Previously Bill went up to Gairdon to collect Philip, and then they set off in a plane to Austria.
Almost trembling with excitement Anatoly packed his things, paid the landlady and went to see if he could catch a lift out of town in the right direction with some of the farmers moving about after delivering their wares to the scattered villages.
He managed to find himself a lift in the right direction and paid the farmer handsomely when he was taken as far as possible. He slipped down off the cart, checked his compass and set off at a fast walk towards where he knew the airfield was.
He was the first one to arrive, and he settled down in a corner, to have a rest and wait for Bill’s planes to land and the other agents who could make it to the allotted meeting point, to join him.
From the message he had received he was expecting Bill to arrive by four, four-thirty at the latest. He wasn’t too concerned when it reached five pm, but when the clocked ticked on to six he was slightly worried. Two other agents had arrived by then, and they sat together pensively, wondering what had happened to the promised pick-up.
“Do you think they will come?” Anatoly asked.
Thompson shrugged laconically. “Might have been a change of plan. Maybe they decided to head straight to the valley instead of wasting time diverting to get us. We’ll just have to wait and see.”
“We’ve got a wireless set up,” Smith reminded him. “A message will come through sooner or later. Hopefully sooner, I’ve been bored out of my mind this past week. I could do with some action even if it’s just making our way back home.”
Anatoly nodded though he began chewing on his thumb nail. He didn’t want to tell the others what he had found out, in case Bill didn’t want it shared. He got up after a moment and wandered around the hanger for a moment, his nervous energy getting the better of him. As he went to the front of the hanger he thought he heard the sound of an approaching engine.
His heart rate picked up as he scanned the sky, spotting the white underbelly of a plane. He watched it circle lower, shading his eyes from the sun which was sliding down in the sky. As it approached for its landing he caught sight of the insignia on the tail, the markings on the sides, and realised that it was not Bill’s plane.
Smith wandered over, taking out a cigarette. “Is it the boss?” he asked, as he lit his cigarette, and offered Anatoly the box.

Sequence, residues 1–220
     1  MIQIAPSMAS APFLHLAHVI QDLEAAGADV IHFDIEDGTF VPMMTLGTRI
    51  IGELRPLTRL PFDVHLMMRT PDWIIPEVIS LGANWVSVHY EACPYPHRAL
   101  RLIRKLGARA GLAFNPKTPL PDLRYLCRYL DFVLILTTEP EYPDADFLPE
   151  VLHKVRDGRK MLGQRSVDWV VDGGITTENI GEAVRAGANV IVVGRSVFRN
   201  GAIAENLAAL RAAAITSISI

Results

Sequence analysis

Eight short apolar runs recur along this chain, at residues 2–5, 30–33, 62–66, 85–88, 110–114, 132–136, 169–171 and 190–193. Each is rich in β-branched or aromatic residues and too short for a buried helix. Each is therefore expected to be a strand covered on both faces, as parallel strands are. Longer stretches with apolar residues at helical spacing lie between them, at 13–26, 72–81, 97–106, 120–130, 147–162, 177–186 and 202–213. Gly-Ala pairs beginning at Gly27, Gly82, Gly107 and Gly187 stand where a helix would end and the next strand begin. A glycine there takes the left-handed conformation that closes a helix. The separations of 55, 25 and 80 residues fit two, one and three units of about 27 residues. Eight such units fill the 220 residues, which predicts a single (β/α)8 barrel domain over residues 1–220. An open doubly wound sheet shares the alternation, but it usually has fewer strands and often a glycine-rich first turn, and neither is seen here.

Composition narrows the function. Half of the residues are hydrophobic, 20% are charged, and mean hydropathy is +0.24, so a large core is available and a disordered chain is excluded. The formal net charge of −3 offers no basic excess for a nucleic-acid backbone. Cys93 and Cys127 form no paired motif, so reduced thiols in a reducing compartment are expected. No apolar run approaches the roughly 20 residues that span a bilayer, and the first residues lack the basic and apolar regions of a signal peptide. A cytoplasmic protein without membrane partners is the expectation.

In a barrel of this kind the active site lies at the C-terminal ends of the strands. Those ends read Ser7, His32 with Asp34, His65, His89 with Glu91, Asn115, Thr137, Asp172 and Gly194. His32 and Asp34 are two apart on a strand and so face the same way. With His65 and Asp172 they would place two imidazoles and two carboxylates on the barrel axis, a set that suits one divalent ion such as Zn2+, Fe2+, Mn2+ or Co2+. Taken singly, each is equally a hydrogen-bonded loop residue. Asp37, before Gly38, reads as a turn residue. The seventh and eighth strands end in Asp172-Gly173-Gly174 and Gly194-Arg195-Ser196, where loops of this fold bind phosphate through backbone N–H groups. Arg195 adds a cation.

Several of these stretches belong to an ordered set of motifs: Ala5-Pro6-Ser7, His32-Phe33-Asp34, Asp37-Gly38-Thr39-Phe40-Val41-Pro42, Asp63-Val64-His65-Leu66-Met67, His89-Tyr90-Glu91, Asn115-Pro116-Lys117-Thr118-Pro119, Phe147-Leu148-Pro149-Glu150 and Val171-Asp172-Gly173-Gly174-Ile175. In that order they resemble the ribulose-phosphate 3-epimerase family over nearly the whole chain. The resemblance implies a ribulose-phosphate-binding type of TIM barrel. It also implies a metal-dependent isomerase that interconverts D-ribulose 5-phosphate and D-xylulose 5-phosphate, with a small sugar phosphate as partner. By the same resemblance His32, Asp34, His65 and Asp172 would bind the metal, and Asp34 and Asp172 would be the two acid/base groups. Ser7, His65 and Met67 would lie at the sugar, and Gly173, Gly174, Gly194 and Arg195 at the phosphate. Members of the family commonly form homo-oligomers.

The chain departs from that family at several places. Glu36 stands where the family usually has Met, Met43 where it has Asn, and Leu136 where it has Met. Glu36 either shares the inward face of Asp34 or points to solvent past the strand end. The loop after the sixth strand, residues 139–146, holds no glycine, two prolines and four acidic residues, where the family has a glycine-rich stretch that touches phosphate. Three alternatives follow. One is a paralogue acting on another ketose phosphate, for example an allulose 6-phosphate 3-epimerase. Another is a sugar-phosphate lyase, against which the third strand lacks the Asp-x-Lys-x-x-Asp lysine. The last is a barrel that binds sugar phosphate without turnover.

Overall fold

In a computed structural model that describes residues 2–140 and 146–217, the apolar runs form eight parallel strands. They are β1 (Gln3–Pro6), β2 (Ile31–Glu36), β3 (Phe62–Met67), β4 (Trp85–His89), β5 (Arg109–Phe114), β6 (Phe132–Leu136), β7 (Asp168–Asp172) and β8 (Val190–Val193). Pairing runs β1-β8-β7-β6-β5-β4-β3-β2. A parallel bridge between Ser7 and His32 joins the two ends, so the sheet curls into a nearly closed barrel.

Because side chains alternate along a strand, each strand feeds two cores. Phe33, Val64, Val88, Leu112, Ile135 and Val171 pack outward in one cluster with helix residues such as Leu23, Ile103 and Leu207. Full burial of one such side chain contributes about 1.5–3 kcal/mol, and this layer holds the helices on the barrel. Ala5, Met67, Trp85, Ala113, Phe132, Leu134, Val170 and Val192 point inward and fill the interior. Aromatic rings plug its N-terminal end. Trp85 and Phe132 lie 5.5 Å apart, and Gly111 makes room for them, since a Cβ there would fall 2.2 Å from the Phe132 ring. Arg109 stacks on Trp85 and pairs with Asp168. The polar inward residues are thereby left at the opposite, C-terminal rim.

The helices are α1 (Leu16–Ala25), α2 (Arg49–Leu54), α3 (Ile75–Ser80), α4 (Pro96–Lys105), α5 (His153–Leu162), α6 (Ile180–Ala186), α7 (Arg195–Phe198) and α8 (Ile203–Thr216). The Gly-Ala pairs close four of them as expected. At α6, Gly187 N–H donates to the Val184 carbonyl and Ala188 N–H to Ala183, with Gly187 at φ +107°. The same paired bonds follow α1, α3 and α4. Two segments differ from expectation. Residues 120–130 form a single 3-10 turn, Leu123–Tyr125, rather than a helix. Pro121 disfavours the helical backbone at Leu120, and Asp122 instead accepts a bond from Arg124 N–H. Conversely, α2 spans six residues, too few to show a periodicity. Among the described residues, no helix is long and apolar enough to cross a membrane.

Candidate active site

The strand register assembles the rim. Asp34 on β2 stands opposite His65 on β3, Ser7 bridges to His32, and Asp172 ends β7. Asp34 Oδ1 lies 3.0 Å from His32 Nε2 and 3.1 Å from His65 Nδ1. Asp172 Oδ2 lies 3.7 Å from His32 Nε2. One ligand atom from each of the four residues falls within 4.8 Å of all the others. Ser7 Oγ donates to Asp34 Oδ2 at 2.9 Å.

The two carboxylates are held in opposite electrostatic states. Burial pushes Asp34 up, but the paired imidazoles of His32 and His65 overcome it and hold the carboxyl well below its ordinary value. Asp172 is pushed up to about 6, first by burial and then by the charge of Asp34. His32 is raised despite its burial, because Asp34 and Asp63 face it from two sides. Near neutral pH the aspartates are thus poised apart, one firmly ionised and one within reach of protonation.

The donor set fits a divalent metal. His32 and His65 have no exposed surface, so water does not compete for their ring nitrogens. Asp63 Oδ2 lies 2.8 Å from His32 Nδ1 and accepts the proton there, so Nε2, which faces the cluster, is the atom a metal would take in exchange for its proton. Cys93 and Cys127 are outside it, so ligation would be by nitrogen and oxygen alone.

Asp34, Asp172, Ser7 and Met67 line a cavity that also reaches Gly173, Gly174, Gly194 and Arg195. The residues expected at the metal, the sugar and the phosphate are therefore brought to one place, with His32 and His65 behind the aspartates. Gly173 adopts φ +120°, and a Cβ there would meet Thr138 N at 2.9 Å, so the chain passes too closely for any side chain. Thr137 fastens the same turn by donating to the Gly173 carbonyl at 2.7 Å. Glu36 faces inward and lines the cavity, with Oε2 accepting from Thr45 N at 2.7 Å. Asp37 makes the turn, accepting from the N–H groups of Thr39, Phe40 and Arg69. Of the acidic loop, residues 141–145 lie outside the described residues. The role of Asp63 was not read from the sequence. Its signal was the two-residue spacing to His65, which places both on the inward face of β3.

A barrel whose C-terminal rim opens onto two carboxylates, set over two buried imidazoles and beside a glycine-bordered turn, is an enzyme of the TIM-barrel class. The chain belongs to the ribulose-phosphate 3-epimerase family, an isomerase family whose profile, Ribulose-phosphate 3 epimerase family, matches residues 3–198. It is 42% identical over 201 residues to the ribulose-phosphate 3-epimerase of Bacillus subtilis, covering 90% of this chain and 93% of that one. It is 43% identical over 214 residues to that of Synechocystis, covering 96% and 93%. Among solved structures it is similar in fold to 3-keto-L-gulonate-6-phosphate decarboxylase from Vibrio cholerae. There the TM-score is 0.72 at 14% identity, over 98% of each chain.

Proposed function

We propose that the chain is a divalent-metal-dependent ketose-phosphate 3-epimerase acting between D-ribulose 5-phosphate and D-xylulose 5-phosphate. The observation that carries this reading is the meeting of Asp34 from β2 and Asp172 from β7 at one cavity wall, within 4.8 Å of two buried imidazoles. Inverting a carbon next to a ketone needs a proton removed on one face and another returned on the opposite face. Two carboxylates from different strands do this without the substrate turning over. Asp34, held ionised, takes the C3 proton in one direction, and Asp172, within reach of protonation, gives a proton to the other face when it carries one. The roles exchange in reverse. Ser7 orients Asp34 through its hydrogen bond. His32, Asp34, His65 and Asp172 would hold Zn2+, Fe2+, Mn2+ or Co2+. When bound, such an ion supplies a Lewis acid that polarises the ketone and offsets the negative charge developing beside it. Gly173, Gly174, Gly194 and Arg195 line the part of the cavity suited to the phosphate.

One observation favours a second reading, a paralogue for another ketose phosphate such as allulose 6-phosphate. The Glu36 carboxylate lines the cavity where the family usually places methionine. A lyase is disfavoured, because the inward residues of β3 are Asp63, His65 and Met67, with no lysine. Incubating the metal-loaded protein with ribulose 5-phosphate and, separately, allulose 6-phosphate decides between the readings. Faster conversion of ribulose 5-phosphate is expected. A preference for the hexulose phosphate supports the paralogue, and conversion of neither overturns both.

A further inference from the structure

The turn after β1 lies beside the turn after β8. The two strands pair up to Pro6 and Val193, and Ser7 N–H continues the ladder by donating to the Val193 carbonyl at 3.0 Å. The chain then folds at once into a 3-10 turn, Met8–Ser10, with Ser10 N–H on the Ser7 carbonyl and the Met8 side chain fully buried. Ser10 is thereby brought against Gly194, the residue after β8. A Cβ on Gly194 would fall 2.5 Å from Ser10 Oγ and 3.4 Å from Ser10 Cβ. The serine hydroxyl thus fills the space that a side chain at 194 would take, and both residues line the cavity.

“No,” Anatoly replied despondently, taking a cigarette. He stuck it in his mouth and then took the box of matches, striking one and holding it to the end of the cigarette until it caught. Shaking the match out he discarded it and handed the box back. They turned away as the plane touched down, heading back to their little corner. “I wish I knew what was going on,” Anatoly said. They were under instruction to only radio in at their prescribed times unless there was an emergency or information of utmost importance had come up.
“Don’t we all, mate,” Smith replied. “The boss’ll have his reasons for leaving us high and dry. We’ll get orders eventually.”
Anatoly nodded and sucked on the cigarette. “I wonder if there is any food in this place,” he added as his stomach rumbled. “I was in such a rush to get here, I forgot to pick up supplies.”
They managed to scrounge a meal from the hut, but it wasn’t up to much, and they bedded down for the night amongst some bushes near the perimeter fence, taking it in turns to keep watch although they knew a plane coming in to land would wake them.
In the morning the rose, washed and shaved as best they could at the cold water tap outside and resumed waiting.
A small plane landed just past eight, and they kept well back out of the way. And finally, at half-past nine, two medium aeroplanes with a familiar look circled, and came into land.
The door to the nearest plane was flung open and the stairs lowered. They watched keenly as Bill appeared in the doorway and stepped out.
“Smith. Thompson,” he said, nodding at the two men. “Petrov.” He nodded at Anatoly too.
“Ready to go?”
“Yes, sir!” they all replied, knowing better than to ask why they were so late. The just crossed the tarmac quickly and boarded the plane. There were five other agents on board, Bill making up the sixth as he re-entered the plane and raised the stairs again.
Anatoly was surprised to see Philip Mannering aboard, his hair tousled and clothes untidy. “Philip,” he said, nodding by way of greeting.
“Anatoly,” Philip replied with a grin. “Ready for some action?”
“Always,” Anatoly replied. He thought about sitting next to Philip but decided against it. He was already seen as the baby of the SIS and didn’t need to cement that reputation by chatting away to a fourteen year old.
“Well, gentlemen,” Bill said above the engine as it started up. “Shall we get this done?”
To be continued…